That portion of the District included within the limits of the City of Washington, as the same existed on the 21st day of February, 1871, and all that part of the District of Columbia embraced within the bounds and constituting on February 11, 1895, the City of Georgetown (as referred to in the Acts of Congress approved February 21, 1871, 16 Stat. 419, ch. 62, and June 20, 1874, 18 Stat. 116, ch. 337) shall be known as and shall constitute the City of Washington, the federal capital; and all general laws, ordinances, and regulations of the City of Washington are extended and made applicable to that part of the District of Columbia formerly known as the City of Georgetown. The title and existence of said Georgetown as a separate and independent city by law is abolished. Nothing in this section shall operate to affect or repeal existing law making Georgetown a port of entry, except as to its name.


(R.S., D.C., § 94; Feb. 11, 1895, 28 Stat. 650, ch. 79.)

Prior Codifications

1981 Ed., § 1-107.

1973 Ed., § 1-107.


§ 1–108. Name of Uniontown changed to Anacostia.

That portion of the District of Columbia prior to April 22, 1886, known and designated as Uniontown, shall be known and designated as Anacostia.


(Apr. 22, 1886, 24 Stat. 14, ch. 58.)

Prior Codifications

1981 Ed., § 1-108.

1973 Ed., § 1-108.


§ 1–109. Liability.

(a) District of Columbia. — The District of Columbia shall defend any civil action or proceeding pending on August 5, 1997 in any court or other official municipal, state, or federal forum against the District of Columbia or its officers, employees, or agents, and shall assume any liability resulting from such an action or proceeding.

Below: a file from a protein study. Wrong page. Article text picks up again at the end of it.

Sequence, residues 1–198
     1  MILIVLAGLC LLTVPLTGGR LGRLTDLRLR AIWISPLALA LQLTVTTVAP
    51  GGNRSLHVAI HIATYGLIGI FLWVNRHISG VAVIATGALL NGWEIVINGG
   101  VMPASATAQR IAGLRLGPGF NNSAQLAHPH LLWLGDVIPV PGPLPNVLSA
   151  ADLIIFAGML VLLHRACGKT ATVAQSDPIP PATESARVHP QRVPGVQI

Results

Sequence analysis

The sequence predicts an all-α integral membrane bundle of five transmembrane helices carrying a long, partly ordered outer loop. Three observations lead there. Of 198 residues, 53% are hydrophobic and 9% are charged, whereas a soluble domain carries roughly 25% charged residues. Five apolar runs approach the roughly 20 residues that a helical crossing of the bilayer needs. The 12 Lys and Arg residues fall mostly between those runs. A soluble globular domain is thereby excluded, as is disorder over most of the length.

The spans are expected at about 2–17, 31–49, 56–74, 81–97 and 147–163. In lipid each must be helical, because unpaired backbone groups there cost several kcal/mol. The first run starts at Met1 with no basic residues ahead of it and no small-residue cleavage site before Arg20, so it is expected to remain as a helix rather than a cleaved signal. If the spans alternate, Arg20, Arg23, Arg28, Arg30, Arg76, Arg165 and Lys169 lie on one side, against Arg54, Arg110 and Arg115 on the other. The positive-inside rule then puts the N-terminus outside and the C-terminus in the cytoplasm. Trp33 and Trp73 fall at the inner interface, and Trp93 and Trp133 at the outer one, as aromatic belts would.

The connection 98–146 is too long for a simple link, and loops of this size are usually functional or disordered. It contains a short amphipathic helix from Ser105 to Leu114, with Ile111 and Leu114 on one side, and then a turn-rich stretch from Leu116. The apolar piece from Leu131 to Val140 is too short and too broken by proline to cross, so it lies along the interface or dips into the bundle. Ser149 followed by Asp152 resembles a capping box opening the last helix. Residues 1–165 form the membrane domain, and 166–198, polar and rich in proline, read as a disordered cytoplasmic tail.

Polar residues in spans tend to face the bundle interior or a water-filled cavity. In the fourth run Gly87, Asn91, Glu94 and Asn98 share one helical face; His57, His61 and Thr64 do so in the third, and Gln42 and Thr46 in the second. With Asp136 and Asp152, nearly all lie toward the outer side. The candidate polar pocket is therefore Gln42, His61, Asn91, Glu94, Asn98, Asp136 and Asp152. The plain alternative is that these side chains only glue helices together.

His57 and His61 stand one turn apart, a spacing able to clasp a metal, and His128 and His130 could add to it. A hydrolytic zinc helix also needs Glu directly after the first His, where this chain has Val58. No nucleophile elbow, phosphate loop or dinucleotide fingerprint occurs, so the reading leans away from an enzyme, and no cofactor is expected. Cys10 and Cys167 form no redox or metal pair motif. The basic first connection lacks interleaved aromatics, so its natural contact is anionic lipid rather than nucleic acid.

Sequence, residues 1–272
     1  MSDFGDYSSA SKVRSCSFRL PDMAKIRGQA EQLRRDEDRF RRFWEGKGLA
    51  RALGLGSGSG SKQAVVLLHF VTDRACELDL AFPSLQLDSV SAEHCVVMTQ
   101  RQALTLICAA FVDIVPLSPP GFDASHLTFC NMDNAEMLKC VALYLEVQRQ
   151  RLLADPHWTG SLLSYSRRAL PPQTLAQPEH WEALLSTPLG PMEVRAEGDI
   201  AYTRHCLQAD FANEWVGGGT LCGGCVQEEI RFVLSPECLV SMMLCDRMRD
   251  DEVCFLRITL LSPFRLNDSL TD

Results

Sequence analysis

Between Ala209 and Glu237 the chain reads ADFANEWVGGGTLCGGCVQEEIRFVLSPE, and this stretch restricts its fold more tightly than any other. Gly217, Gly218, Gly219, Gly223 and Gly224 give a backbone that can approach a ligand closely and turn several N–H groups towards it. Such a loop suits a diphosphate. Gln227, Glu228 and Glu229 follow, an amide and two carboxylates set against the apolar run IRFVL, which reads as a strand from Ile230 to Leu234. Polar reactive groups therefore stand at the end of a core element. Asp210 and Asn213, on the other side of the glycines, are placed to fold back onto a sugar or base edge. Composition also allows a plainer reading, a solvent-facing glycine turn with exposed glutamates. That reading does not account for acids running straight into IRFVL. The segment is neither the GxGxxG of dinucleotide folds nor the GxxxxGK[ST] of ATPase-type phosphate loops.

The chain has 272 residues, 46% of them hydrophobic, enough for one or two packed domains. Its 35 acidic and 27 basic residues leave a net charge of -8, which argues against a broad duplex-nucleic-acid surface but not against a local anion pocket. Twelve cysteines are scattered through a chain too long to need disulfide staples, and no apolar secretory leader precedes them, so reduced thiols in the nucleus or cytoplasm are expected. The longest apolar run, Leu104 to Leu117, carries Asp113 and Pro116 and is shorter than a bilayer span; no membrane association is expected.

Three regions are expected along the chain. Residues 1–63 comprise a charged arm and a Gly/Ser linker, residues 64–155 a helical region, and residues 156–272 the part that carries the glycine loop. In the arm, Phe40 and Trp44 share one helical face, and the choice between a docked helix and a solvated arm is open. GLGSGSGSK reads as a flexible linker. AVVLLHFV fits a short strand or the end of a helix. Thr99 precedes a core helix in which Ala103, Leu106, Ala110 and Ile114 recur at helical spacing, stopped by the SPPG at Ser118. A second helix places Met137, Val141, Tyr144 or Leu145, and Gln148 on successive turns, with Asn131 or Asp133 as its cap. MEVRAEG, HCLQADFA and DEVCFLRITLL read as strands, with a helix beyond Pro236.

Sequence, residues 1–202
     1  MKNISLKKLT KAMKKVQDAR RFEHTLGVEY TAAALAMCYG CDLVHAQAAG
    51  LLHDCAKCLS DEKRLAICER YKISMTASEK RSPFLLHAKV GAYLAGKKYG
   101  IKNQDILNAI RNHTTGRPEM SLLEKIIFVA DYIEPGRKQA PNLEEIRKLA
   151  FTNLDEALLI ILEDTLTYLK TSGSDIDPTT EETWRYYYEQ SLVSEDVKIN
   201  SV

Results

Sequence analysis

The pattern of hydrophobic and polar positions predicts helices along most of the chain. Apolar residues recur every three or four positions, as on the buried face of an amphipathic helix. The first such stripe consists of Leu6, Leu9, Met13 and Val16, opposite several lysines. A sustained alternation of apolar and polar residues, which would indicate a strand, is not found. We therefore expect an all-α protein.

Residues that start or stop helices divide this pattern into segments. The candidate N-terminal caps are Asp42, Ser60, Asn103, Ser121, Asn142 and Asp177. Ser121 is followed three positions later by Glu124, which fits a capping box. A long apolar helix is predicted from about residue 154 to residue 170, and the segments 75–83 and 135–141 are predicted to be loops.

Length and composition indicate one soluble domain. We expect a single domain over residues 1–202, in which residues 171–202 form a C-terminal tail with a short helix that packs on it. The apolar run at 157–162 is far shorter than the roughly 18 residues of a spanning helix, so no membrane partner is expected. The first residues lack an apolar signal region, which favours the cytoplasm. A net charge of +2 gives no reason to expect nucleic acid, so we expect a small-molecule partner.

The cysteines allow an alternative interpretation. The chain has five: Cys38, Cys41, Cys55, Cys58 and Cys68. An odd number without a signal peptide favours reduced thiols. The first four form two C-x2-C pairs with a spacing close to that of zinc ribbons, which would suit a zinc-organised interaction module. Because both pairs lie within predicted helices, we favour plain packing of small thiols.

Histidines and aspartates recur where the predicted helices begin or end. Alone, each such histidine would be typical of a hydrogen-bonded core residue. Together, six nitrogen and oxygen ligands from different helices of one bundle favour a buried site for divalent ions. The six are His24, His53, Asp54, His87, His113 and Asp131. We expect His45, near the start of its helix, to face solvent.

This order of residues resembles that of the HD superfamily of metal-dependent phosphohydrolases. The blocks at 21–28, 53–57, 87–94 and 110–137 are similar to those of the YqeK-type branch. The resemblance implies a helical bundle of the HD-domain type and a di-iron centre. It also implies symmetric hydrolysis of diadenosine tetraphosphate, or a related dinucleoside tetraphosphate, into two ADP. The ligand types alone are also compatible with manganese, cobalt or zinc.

(b) State Justice Institute. — The State Justice Institute shall not be liable for damages or equitable relief on the basis of the activities or operations of any federal or District of Columbia agency which receives funds through the State Justice Institute pursuant to this title.

(c) United States. — The United States, its officers, employees, and agents, and its agencies shall not:

(1) Be responsible for the payment of any judgments, liabilities or costs resulting from any action or proceeding against the District of Columbia or its agencies, officers, employees, or agents;

(2) Be subject to liability in any case on the basis of the activities of the District of Columbia or its agencies, officers, employees, or agents; or

(3) Be subject to liability in any case under section 1979 of the Revised Statutes (42 U.S.C. § 1983).

(d) Limitations. — Nothing in this section shall be construed as a waiver of sovereign immunity, or as limiting any other defense or immunity that would otherwise be available to the United States, the District of Columbia, their agencies, officers, employees, or agents.


(Aug. 5, 1997, 111 Stat. 786, Pub. L. 105-33, § 11723.)

Prior Codifications

1981 Ed., § 1-109.

References in Text

“This title”, referred to in subsection (b) of this section, is Title XI of Public Law 105-33.

Effective Dates

Section 11721 of Title XI of Pub. L. 105-33, 111 Stat. 786, the National Capital Revitalization and Self-Government Improvement Act of 1997, provided that except as otherwise provided in this title, the provisions of this title shall take effect on the later of October 1, 1997, or the day the District of Columbia Financial Responsibility and Management Assistance Authority certifies that the financial plan and budget for the District government for fiscal year 1998 meet the requirements of section 201(c)(1) of the District of Columbia Financial Responsibility and Management Assistance Act of 1995, as amended by this title.